England's Empty Throne

Usurpation and the Language of Legitimation, 1399-1422

Paul Strohm

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April 23, 2013
288 pages, 6 1/8 x 9 1/4
5 b/w illus.
ISBN: 9780300198706
Paper

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Cloth

After the dethronement and subsequent murder of Richard II, the usurping Lancastrian dynasty faced an exceptional challenge. Interrupting a long period of Plantagenet rule, Henry IV and Henry V needed not only to establish physical possession of the English throne, but to occupy it symbolically as well. In this boldly revisionary book, Paul Strohm provides a new account of the Lancastrian revolution and its aftermath. Integrating techniques of literary and historical analysis, he explores the new dynasty`s quest for legitimacy and the importance of symbolic activity to the making of kingship.

Strohm reveals the Lancastrian monarchs as masters of outward display, persuasively "performing" their kingship in a variety of novel ceremonies. Henry IV is crowned with a newly discovered coronation oil. The murdered Richard II is elaborately reburied. Opinion is courted and deceived with invented chronicles, false prophecies, and bogus genealogies. Opponents of the new regime are subject to new varieties of trial and punishment. Far-reaching Lancastrian experiments in domination include the proscription of prophecy, the enlistment of poetry, the use of spies and hired informers, and, most ambitiously, the redefinition of treason to cover not only overt deeds but also things said and even thought. Strohm`s account of the Lancastrian quest for legitimacy and the uses of symbolic power illuminates—indeed recasts—our understanding of a period of unprecedented political upheaval.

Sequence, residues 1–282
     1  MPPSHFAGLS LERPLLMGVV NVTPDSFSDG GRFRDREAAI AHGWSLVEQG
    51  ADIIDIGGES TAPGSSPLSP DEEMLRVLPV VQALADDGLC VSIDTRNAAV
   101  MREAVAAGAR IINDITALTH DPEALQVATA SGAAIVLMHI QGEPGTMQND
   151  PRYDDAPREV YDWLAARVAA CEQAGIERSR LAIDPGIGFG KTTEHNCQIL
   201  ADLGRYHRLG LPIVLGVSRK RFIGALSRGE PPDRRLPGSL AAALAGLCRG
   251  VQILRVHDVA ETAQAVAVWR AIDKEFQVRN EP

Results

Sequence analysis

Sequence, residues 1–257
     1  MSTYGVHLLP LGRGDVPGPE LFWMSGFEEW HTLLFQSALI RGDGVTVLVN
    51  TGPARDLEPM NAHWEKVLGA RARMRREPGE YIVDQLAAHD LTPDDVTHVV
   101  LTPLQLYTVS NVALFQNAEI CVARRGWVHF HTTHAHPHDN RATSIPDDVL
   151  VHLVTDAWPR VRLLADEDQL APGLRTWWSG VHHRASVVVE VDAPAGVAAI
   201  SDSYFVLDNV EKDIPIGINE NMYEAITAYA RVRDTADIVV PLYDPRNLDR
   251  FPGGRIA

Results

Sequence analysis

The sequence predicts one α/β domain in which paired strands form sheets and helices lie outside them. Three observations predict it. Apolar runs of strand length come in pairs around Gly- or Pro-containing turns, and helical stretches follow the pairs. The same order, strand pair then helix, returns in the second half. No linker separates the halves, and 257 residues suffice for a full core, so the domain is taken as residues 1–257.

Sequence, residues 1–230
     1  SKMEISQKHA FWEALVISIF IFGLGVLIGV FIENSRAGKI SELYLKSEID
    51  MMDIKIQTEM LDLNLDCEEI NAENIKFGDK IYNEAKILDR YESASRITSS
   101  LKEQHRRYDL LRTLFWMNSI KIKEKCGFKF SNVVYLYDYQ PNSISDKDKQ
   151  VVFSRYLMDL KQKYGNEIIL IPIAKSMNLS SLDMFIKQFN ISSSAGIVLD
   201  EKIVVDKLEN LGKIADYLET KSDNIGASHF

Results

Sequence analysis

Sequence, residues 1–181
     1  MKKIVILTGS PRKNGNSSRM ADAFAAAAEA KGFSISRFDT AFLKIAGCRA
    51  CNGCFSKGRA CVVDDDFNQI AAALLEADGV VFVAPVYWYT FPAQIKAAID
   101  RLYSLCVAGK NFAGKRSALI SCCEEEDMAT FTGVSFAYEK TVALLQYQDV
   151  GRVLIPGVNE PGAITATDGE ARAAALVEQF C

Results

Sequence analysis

Paul Strohm is J. R. R. Tolkien Professor of English Language and Literature at Oxford University.

England’s Empty Throne is an important addition to a growing field of scholarship by a writer who cannot be ignored by any historian of the fifteenth century.”—Gustavo P. Secchi, Albion

“Strohm’s best book to date, a liberating perspective on this remarkable chapter of English cultural history, and a pleasure to read.”—Charles Blyth, Speculum—A Journal of Medieval Studies


"Literary scholars and historians alike should read this eminently readable and provocative study. Strongly recommended."—Choice


"England’s Empty Throne provides a vital reconsideration of the reigns of Henry IV and Henry V and a sophisticated approach to the study of political ideology. . . . Strohm provides historians with an example of how the time-honoured method of 'close reading,’ informed by the insights of recent critical theory, can brilliantly illuminate our understanding of how people in the past thought and acted."—Shannon MsSheffrey, Canadian Journal of History


"Strohm’s book has challenged me to think deeply about these issues, and to read both theory and history through new perspectives. For readers willing to pursue similar theoretical adventures, England’s Empty Throne is full of rich rewards."—Michelle Warren, Medieval Review